IT'S NOT EASY to stick the landing of a sweeping American gangster trilogy. Just ask Francis Ford Coppola.
Dennis Lehane seems to have done it, though. World Gone By, his newest novel, is a continuation of 2012's Live by Night, itself a sequel to 2008's The Given Day. This third volume concludes the story of Irish American gangster Joe Coughlin, only a kid in the first book. While it's slimmer than its predecessors—less than half the length of The Given Day—it's filled with indelibly drawn characters and vibrant hints of history peeking through the seams. More importantly, it's a fantastic read.
Even if this is the first book of the Coughlin trilogy you've picked up, it's easy to get situated: Joe, ousted from his position as boss by the Italian syndicate, has settled into his role as consigliere for Dion Bartolo, his former childhood pal and henchman, now in charge of the organization. Coughlin's mainly a figurehead, able to grease the wheels between the legitimate and illegitimate businesses of Ybor City in 1943. There are connections to Batista's Havana to maintain, drugs from South America to ship north, and docks on Tampa Bay to protect. Coughlin's also responsible for raising his son, Tomas, following the violent death of his Cuban-born wife, Graciela.
Part of Lehane's skill is in the concision of his plotting, and World Gone By moves forward at a lean, pleasurable clip. We meet an assortment of fully lived-in characters, from a hitwoman named Theresa Del Frisco who offs her husband with a croquet mallet; to Montooth Dix, the impeccably garbed head of operations in Ybor City's segregated Negro district; to Dr. Ned Lenox, a once prominent St. Louis doctor whose fall from grace could stand as a separate short story. Coughlin encounters these and others—like King Lucius, a crime lord hidden in a houseboat up a swampy, slow-moving Florida river, surrounded by 20 drug-addled goons called "Androphagi" and rumored to be cannibals.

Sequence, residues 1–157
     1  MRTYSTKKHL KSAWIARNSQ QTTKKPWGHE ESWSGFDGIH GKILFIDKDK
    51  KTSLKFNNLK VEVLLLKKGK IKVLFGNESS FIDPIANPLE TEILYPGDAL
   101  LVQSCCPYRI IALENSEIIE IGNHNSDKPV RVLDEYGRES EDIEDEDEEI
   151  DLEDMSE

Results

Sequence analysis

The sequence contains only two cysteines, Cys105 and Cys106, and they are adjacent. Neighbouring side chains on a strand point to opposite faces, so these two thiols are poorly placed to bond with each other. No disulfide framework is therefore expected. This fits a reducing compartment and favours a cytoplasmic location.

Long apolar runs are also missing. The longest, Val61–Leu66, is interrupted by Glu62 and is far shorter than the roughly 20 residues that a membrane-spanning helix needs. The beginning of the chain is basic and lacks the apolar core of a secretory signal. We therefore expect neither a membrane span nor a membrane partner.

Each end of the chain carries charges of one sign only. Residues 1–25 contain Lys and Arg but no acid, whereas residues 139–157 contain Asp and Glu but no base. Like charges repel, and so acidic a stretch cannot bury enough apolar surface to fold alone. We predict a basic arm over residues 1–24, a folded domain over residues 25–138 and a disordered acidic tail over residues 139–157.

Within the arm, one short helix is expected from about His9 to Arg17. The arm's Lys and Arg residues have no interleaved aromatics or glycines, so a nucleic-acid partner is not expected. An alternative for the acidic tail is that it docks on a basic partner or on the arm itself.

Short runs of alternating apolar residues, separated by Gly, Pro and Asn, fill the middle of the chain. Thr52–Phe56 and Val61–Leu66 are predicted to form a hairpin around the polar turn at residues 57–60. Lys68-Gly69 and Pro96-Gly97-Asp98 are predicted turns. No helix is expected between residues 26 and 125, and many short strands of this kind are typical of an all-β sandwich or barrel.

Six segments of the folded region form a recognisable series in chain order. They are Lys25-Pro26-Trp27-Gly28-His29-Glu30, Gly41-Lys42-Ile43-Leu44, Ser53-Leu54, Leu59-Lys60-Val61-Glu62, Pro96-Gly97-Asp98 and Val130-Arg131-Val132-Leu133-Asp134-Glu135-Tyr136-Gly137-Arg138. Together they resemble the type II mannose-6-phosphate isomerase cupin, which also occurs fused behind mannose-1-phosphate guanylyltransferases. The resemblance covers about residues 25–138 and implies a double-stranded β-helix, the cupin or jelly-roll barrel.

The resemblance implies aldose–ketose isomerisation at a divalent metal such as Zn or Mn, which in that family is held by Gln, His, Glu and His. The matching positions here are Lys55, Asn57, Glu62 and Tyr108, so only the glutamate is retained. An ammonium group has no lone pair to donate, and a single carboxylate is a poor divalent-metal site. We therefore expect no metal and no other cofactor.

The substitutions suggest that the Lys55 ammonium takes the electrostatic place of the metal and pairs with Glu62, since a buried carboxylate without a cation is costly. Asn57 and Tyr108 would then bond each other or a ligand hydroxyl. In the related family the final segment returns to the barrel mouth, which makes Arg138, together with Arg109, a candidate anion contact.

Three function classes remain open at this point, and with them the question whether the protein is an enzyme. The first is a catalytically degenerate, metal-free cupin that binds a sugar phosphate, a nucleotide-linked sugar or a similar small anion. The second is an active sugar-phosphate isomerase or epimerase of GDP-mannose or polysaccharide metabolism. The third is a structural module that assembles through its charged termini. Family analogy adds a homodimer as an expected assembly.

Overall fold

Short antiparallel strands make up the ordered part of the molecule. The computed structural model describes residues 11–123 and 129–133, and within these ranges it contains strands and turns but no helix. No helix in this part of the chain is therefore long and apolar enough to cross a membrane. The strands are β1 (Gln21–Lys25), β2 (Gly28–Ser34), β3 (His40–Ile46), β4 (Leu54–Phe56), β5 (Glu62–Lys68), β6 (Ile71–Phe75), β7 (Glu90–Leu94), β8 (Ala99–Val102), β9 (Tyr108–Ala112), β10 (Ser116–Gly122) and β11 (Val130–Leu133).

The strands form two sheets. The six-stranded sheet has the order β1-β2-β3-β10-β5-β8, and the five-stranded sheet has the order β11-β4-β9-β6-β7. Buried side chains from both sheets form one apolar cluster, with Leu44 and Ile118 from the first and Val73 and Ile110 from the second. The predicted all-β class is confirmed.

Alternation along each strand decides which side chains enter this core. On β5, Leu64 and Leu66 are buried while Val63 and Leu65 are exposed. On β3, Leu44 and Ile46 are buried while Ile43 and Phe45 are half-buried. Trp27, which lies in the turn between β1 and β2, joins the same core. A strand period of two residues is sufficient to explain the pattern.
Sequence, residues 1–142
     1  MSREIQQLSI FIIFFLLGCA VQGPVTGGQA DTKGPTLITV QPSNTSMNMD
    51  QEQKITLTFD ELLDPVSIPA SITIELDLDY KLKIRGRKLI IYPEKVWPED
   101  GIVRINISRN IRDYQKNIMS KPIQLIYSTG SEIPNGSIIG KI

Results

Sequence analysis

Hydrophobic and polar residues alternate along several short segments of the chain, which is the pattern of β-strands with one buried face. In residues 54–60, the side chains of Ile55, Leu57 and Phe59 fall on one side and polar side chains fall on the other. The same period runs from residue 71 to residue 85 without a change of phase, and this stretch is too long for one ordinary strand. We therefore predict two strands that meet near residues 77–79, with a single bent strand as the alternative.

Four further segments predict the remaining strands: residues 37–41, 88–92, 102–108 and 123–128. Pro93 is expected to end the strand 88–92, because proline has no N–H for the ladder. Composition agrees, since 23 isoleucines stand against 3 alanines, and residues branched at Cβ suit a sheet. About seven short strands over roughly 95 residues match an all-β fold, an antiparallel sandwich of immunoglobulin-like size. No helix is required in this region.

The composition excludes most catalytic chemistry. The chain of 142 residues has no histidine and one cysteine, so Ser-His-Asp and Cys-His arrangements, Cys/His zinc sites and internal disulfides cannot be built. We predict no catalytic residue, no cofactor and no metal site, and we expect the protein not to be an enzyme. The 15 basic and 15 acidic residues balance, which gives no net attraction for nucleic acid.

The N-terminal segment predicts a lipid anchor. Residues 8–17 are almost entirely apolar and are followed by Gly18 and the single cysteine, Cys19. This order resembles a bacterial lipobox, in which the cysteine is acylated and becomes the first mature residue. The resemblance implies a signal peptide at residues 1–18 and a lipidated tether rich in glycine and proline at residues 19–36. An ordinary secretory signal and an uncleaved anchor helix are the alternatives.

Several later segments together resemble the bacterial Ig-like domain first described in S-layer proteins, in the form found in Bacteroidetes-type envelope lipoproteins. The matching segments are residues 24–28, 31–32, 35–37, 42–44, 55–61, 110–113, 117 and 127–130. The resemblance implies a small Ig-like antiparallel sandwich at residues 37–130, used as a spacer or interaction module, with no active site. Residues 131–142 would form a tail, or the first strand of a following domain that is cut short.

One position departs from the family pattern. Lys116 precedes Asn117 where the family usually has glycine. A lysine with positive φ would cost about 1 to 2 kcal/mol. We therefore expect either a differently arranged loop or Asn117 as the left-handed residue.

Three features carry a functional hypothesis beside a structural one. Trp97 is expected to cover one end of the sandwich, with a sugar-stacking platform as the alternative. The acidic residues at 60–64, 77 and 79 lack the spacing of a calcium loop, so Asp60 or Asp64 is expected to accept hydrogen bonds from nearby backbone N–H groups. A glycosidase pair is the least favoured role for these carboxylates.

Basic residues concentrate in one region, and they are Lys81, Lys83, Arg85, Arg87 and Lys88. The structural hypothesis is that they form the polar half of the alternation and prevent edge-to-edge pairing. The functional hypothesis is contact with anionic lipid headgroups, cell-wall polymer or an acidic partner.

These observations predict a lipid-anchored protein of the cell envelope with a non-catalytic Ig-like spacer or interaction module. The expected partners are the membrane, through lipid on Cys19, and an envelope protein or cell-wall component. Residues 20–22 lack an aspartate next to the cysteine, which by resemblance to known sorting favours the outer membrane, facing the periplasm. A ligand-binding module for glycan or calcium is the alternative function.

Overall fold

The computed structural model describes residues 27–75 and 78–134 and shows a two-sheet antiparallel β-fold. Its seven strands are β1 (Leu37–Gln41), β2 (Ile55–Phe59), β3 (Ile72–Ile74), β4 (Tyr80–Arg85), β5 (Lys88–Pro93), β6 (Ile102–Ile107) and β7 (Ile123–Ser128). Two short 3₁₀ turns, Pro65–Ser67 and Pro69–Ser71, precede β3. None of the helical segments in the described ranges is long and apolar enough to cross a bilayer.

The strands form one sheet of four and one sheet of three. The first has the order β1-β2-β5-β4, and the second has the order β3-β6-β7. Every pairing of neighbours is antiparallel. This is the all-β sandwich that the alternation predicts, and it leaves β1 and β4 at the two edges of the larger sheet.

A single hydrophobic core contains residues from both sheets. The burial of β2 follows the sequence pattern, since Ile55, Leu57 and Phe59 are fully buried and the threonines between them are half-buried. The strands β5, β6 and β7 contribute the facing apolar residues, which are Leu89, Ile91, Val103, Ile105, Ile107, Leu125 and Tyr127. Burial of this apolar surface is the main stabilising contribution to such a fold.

Lehane's sandbox is at the collision of actual 20th-century American history and the stories surrounding its infamous criminals, a mythology cultivated by years of Hollywood glamorizing. While indulging the escapist nature of these tales (and their inherent bloodiness), Lehane's interweaving of fact and fiction is masterful. Meyer Lansky and Carlos Marcello sit alongside the invented characters in the book, and the depiction of the criminal world at the onset of America's involvement in World War II feels authentic and comprehensively researched. Without overplaying it, Lehane coolly draws a parallel between the lieutenants and soldiers of these underground syndicates and those of the army fighting overseas.
The juicy, violent plotting of the novel also leaves room for some deeper thinky stuff. Lehane is fascinated by the morality of these men and the toll their dirty work impinges on their souls. There's even a ghost that follows Joe around, in what might be the book's most graceless move. Otherwise, Lehane expertly serves a breathless, fast-paced gangster adventure—yes, let's call it an adventure—while offering plenty to chew on after you've devoured it.